Steam Link Streaming Arcade (with a Raspberry Pi?)

Playing video games on custom-configured hardware is becoming increasingly popular, with the Raspberry Pi proving particularly adept as the heart of a retro gaming machine. Sticking the compact computer into your self-built gaming cabinet is probably the easiest step. Considering the woodworking and painting that is required (not to mention electronics for game controllers and lights, and even a plastic fascia), installing RetroPie onto a microSD card and copying some game ROMs across is comparatively trivial.

But you don’t have to use a Raspberry Pi to build your arcade machine. In the video above, the game station was built using a Steam Link, an HDMI streaming device from Steam. Occasionally these devices go for a massive discount (drickman156 writes on his Instructables page that he paid just $5!), making them perfect for low budget gaming projects. While a partner PC is required for running the games, as long as this is on the same network, it can be situated anywhere (although Ethernet is a more reliable option than Wi-Fi). Any game in your Steam library can then be streamed via the Steam Link and played.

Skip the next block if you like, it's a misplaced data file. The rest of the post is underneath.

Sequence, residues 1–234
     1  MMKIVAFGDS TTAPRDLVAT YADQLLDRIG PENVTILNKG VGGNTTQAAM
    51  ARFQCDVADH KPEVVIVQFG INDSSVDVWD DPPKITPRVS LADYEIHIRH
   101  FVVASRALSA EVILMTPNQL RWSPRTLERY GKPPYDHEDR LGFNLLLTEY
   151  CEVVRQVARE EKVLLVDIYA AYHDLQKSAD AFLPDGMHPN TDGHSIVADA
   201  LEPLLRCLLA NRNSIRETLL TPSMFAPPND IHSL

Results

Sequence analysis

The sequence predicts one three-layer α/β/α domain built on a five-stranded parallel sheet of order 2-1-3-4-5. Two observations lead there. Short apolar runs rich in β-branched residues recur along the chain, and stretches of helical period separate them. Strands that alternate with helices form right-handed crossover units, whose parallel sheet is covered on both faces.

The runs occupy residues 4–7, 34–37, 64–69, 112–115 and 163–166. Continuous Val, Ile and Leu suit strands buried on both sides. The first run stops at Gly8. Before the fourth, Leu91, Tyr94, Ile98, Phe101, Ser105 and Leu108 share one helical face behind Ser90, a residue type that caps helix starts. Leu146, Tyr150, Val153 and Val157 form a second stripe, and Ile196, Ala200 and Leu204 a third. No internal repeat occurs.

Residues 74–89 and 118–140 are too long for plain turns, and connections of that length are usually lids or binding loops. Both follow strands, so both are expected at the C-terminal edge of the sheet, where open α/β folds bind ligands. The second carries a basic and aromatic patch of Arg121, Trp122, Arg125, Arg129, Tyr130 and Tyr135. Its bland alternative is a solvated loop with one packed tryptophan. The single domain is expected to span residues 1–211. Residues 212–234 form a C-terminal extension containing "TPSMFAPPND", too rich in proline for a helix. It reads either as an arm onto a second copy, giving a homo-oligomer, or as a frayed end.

Not much bigger than a Raspberry Pi, a Steam Link is also easily installed in a custom arcade machine. But if you own a PC with the right type of NVidia GeForce GPU, and a Raspberry Pi 3, you can get the same effect. That’s right, a Raspberry Pi can be used as a DIY Steam Link box, and if you follow the steps in this video, it can be incorporated into RetroPie.

A Raspberry Pi-based arcade cabinet that plays both retro and current games? This is some sort of gaming Holy Grail – and it’s achievable with the right planning, a suitable PC, and a reliable network.

Why not give it a go? Let us know how you get on.


Christian Cawley

Christian Cawley spends a lot of time with Raspberry Pis and scours the web looking for interesting DIY electronics projects and news for ElectroMaker. He's currently trying to show his 7 year old son how to get to grips with Scratch, but so far to no avail.


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